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Political violence and the coming elections


Smaller political parties in Ghana, on the surface, don’t exert a lot of influence; they are marginalized and often don’t get credit for their contributions to the national political discourse, no matter how important; they have little representation in parliament, therefore their ability to influence policy is limited to occasional public utterances which Ghanaians don’t place much premium on, anyway.

However, lately, the small parties have indicated that they, too, matter. Barely a month ago, at a joint meeting in Tamale, they came together and vehemently denounced the viligante and militant youth groups that are attached to political parties like Siamese twins and which are so inclined to engage in political violence.

It was a teachable moment…. at long last, the political parties in Ghana have realized the dangers these youth groups pose to our national security and did not pause a bit in condemning the vigilantes.

The two large political parties which are the major sponsors of the youth groups did not send representatives to the meeting. The excuses they gave for their absence were as laughable as they were ridiculous. And it goes to show you who on the political landscape is more interested in curbing political violence.

It is the least of my favorite subjects/topics…….politically connected vigilante youth groups… for commentary but somehow I keep coming back to it, all because of a concern that I share with millions of other Ghanaians, that the elections in December are free, fair, decent and devoid of violence.

Moreover, it is worth revisiting the issue if only to drum some modicum of sense into the heads of certain political party affiliates.

As the political temperature gets heated with the elections tantalizingly close, so is the potential for violence. There are already signs that the two major political parties, the NDC and the NPP, who ultimately should be responsible for any breakout of violence, are ready to do battle, literally.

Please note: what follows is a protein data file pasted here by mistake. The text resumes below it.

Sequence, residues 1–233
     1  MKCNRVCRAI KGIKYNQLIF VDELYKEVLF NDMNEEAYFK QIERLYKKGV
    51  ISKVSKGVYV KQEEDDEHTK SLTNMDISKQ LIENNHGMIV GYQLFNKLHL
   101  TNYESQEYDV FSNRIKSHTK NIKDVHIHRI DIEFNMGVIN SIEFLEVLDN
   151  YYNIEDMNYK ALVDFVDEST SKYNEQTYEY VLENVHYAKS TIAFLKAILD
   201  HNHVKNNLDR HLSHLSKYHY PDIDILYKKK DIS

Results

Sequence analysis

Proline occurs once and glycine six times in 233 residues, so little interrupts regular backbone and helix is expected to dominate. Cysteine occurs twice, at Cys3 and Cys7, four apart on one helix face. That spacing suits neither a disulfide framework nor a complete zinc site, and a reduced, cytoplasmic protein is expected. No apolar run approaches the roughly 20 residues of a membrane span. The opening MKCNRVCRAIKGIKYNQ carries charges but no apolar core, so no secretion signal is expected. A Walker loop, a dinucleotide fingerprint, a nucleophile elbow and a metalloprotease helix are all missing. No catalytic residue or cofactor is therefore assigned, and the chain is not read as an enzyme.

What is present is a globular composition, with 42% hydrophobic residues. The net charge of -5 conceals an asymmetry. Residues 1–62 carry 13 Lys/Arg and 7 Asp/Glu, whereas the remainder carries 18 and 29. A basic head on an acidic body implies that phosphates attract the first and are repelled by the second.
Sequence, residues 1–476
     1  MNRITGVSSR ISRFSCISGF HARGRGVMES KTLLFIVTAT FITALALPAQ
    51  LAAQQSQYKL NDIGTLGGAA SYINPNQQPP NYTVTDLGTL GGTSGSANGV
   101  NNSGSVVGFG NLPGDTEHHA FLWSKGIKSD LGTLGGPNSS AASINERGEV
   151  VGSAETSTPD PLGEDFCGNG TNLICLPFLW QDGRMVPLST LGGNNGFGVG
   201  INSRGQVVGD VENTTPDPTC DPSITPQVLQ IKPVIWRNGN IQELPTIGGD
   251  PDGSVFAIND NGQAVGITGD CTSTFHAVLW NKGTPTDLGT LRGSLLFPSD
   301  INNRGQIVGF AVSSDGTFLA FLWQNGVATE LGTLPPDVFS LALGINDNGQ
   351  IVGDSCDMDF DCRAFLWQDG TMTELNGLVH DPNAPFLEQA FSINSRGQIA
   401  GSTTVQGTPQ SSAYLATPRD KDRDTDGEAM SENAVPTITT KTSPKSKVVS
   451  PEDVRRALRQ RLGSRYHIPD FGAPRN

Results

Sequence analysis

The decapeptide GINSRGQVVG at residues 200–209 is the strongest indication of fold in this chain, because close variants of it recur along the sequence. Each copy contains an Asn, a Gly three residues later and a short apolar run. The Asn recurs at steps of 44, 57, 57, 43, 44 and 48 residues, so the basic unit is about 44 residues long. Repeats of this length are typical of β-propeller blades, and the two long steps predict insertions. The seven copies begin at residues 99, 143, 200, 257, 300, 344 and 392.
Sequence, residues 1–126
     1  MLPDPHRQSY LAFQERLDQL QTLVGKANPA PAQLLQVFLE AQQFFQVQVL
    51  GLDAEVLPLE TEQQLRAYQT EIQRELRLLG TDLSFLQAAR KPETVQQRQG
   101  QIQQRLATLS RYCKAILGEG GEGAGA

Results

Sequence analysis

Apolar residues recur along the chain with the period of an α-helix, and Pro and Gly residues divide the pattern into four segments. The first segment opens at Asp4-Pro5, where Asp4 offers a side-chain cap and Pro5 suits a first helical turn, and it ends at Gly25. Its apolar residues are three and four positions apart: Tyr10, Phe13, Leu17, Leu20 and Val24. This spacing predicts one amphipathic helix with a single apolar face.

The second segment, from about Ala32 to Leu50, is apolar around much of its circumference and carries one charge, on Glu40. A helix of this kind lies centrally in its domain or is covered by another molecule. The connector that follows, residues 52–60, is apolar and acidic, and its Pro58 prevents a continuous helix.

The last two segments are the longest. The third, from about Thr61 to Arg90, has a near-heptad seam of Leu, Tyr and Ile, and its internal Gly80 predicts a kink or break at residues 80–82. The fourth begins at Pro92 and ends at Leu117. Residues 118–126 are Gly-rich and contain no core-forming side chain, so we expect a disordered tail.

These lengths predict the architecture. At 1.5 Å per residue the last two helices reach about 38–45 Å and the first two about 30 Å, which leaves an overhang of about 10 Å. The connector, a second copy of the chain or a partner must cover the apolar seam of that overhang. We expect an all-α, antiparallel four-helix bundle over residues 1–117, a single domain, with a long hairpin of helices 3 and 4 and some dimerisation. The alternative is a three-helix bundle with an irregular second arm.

Just listen to the high pitched and shrill voices of their representatives on radio and television. They have deliberately ratcheted up the rhetoric, calling on party foot soldiers to resist any attempt at intimidation and coercion.

These talking heads are essentially instructing their followers to fight fire with fire and not turn the other cheek. It is a verbal slug-fest which could soon morph into fisticuffs if authorities, by which I mean party big men… don’t bring these voices to order.

And the foot-soldiers most likely to engage in violence are the youth groups of the two parties who have built this dependent relations with their benefactors.

But in reality one cannot do without the other and vice versa. The politicians rely on these misguided young men to intimidate opponents and in return, the boys count on the politicians to provide them with jobs, money, gifts and other handouts. It is a screwed up system, pure and simple.

These youth groups thrive because of the acute lack of political will on the part of party hierarchies to cut them down to size. Our political leaders have demonstrated a stunning reluctance to take the first step towards bringing calm to our political process; it is not the least surprising. In Africa, political power means eye-popping wealth, riches and influence, so don’t expect any change in approach by the political parties to these youth groups.

We are all aware of this painful fact; there are so many fault lines, a whole lot of sharp divisions in the Ghanaian society today and politicians are clearly exploiting them to their advantage.

Ghanaians are not being told in plain terms by their politicians that collectively we can build a better society if we bury our political, tribal and financial differences.

The polarization is so entrenched that small crises that should not see the light of day, that frankly could be amicably resolved, quickly morph into distracting political arguments, pitting one political party against the other. The Montie 3 is a clear example of the deeply entrenched positions we hold.

Political violence of any kind is deplorable and the prospects of our beautiful and peaceful nation degenerating into violence frighten me a great deal. Let us hope that the political agitators in the major parties would come to their senses and put a screeching halt to their nonsense for the collective good of the nation.

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